The 1031 Exchange Institute

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1031 Exchange Discussion Forum > Buying Investment Properties: Why Invest In Dollar Stores?

As you browse through a store that sells most items for a dollar or less, you may wonder how it generates enough income to pay expenses. If you look in your cart and see twice as many items as you would buy at a conventional retailer, therein lies part of the answer.

Coupled with their low overhead, dollar stores’ ability to sell a large volume of cheap goods that were purchased wholesale does more than keep their lights burning. It also makes them some of the most desirable tenants for real estate investment property. If you ask a triple net lease (NNN) broker to name public companies that make great NNN tenants, you are likely to hear two names besides McDonalds and Walgreens: Family Dollar and Dollar General.

The Rise Of Dollar Stores

In 2008, when the profit margins of many companies were reeling from the early effects of the recession, Family Dollar was the highest performing stock in Standard & Poor’s (S&P) 500 stock index, beating out financial stalwarts such as Apple, JP Morgan Chase, and FedEx for the top spot. The company’s two biggest competitors, Dollar General and Dollar Tree, fared similarly well.

For experienced investors, the great performance of dollar stores in the midst of the recession wasn’t too surprising. The dollar store sector’s business is largely determined by macroeconomic conditions. Just as McDonalds posted gains during the recession partly because it sells inexpensive food, major dollar stores profited because they sell a cornucopia of bargain foodstuffs, cosmetics, toys, and more.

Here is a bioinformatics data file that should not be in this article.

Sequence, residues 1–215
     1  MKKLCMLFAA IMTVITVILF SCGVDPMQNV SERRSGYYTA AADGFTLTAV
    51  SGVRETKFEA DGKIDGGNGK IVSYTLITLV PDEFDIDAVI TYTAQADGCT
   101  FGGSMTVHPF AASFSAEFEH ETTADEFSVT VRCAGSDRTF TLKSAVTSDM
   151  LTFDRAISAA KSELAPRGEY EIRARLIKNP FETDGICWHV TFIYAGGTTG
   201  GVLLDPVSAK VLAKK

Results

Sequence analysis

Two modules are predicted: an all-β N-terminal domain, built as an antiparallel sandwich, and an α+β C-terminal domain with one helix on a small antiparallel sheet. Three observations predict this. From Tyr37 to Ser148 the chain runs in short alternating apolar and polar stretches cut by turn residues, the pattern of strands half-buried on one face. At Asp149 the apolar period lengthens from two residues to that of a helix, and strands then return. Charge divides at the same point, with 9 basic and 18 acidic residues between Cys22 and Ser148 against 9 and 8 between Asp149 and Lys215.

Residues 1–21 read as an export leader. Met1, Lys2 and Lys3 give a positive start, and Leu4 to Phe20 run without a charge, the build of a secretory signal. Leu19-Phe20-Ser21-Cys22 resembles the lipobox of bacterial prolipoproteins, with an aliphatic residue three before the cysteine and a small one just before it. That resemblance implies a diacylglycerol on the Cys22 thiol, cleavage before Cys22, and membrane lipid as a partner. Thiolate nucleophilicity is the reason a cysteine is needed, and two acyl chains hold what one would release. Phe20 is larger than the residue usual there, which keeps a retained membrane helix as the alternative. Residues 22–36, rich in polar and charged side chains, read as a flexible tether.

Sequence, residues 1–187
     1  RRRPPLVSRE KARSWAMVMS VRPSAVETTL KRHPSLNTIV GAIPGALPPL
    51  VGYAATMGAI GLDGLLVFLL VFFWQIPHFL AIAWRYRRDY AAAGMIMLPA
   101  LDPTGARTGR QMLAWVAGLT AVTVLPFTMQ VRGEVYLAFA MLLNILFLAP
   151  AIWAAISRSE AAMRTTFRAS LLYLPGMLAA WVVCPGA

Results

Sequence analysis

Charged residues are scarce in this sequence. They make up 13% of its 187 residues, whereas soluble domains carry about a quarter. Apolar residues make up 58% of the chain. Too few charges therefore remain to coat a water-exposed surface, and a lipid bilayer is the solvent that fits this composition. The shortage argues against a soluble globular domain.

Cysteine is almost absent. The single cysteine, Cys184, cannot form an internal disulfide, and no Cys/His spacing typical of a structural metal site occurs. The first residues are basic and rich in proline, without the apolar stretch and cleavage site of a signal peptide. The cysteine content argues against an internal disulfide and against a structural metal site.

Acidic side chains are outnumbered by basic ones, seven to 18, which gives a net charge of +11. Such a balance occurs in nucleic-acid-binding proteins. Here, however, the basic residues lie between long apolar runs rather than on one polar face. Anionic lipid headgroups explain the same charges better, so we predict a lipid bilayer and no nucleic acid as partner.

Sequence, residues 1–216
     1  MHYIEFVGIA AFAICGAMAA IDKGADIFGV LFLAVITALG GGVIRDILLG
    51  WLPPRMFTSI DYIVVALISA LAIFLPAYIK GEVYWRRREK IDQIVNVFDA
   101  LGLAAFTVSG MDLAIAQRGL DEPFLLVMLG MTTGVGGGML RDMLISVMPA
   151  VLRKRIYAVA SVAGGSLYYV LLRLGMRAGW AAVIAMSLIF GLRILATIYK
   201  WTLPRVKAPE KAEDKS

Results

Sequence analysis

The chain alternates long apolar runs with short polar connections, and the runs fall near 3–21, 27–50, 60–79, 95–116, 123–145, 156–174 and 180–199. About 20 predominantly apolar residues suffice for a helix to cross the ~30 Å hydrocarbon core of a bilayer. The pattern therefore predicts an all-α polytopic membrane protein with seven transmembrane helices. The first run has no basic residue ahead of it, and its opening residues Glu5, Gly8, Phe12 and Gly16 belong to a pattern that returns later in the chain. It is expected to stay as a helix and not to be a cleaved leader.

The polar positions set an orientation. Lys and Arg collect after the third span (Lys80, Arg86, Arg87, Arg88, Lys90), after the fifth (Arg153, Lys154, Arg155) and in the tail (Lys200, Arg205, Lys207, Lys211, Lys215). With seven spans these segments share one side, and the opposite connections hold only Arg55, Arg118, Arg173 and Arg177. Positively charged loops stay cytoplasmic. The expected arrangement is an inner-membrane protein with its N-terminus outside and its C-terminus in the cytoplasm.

If you are interested in buying investment properties whose tenants defy recessionary financial trends, investing in properties that a major dollar occupies could be a smart move.

When The Economy Improves

You may wonder: If macroeconomics affect the business of dollar stores, how should a property owner feel about having a dollar store as a long-term tenant? Could a full economic recovery precipitate a decrease in the store’s net operating income?

While a booming economy would make shopping at dollar stores less necessary for some consumers, it is important to remember that consumer confidence doesn’t recover as quickly as the economy that eroded it. Many consumers take a prolonged wait and see approach before they start spending more money on daily items, and some people will keep their recessionary spending habits for life, preferring to play it safe instead of assuming the future will go smoothly.

For investors, the key is to consult a property broker that has insights into the dollar store sector and can conduct a risk analysis using the sector’s financial projections. At Westwood Net Lease Advisors, we have these insights. If you are interested in buying investment properties that a dollar store occupies, we will use our proprietary database of on-market and off-market properties to find the best opportunities, and help you acquire real estate investment property on the best terms.

To discuss your investment plans, please call Chris Schellin, president of Westwood Net Lease Advisors at 314-563-2208,, or use our contact form at
June 3, 2013 | Unregistered CommenterChris Schellin